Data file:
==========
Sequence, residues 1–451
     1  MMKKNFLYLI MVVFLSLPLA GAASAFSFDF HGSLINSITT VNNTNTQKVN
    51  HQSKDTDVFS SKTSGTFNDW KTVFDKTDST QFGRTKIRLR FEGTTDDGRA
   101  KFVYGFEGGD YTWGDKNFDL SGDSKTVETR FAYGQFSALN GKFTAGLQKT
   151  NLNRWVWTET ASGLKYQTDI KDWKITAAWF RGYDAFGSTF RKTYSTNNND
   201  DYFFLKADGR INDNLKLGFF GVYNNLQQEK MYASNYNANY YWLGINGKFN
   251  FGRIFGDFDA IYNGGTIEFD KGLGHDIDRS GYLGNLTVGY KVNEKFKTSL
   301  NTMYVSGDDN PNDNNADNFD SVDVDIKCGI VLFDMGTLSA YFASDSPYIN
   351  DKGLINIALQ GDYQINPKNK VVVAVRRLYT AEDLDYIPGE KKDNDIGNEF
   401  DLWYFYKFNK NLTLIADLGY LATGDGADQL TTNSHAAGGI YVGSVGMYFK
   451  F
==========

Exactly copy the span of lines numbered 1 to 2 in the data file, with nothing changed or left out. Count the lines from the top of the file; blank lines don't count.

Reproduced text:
Sequence, residues 1–451
     1  MMKKNFLYLI MVVFLSLPLA GAASAFSFDF HGSLINSITT VNNTNTQKVN